University of South Carolina students protest naming of former West Point chief as presidential finalist
By LUCAS DAPRILE | The State (Columbia, S.C.) | Published: April 27, 2019
COLUMBIA, S.C. (Tribune News Service) — About 75 University of South Carolina students gathered Friday to protest the board of trustees for considering Robert L. Caslen as a presidential finalist.
Among the students' chief concerns about Caslen – the former superintendent at U.S. Military Academy at West Point – was his statement during a presidential forum that reducing binge drinking could curb sexual assault.
"There is nothing that can make somebody commit sexual assault except for the person who commits sexual assault," said Lyric Swinton, a USC student who spoke at the protest.
The controversy arose when, during Caslen's presidential forum, he spoke on his efforts to fight sexual assault on campus.
"We went after this...not only sexual assaults, but we want to take up the contributing measures toward sexual assault, particularly alcohol," Caslen said during the forum. "We had to spend a lot of time, a lot of energy, toward educating students about the consequences of alcohol, binge drinking, things like that."
Students – who protested at the USC Alumni Center, where the board was meeting – also took issue with Caslen's role in the War in Iraq, his support of the Contras in Nicaragua and the fact that Caslen did not possess a doctorate degree.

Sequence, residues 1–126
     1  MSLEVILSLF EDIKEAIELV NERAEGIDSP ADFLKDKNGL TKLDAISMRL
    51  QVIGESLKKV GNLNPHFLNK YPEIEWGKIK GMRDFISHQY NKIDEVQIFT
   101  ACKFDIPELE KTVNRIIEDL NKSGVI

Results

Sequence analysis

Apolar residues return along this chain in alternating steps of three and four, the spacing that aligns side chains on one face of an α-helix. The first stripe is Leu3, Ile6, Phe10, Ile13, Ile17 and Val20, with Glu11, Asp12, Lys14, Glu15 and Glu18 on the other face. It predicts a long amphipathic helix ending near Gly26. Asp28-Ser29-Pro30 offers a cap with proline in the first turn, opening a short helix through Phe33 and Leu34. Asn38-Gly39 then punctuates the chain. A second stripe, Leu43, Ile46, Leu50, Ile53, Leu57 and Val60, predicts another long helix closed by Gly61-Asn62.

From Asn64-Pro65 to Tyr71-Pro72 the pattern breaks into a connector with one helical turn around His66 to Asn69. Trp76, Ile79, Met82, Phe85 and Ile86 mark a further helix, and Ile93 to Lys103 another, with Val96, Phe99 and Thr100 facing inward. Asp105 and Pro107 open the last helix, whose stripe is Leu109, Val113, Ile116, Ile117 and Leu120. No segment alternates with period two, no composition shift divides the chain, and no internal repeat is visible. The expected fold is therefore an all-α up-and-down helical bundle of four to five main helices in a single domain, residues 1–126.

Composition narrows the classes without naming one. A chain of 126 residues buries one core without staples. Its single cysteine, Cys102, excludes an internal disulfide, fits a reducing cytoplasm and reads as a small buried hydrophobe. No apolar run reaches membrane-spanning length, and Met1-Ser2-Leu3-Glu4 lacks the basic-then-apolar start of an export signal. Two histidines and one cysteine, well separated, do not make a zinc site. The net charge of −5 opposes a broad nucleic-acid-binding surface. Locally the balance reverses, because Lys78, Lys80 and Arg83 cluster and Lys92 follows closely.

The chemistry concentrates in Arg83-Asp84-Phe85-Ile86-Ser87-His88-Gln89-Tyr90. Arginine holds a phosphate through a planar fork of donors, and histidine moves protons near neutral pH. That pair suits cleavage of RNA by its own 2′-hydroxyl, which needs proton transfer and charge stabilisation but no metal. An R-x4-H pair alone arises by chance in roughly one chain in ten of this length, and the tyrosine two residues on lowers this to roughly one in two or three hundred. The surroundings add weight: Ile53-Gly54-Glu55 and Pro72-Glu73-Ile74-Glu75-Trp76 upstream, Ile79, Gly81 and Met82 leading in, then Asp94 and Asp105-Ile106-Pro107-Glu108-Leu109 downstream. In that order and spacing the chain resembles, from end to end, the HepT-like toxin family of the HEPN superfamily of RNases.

"His entire career has been contrary to the values of this institution," said Ethan Magnuson, a sophomore political science and geography major who spoke at the event.
"We are not crusaders," Magnuson said. "This is the 21st century."
Protesters claimed that more than 400 students had signed a letter in support of William F. Tate for president. During the protest, Darius York read that letter aloud, which also criticized Caslen for his comments on sexual assault.
"We felt that this comment was insensitive and may reflect his moral stances on other controversial topics," according to the letter.
Tensions on campus had been increasing since the presidential finalists were announced and included no women and only one nonwhite person. Those tensions had resulted in a letter signed by more than 40 student organizations and 120 faculty members that call on the university to include more diversity finalists for the president of the university.
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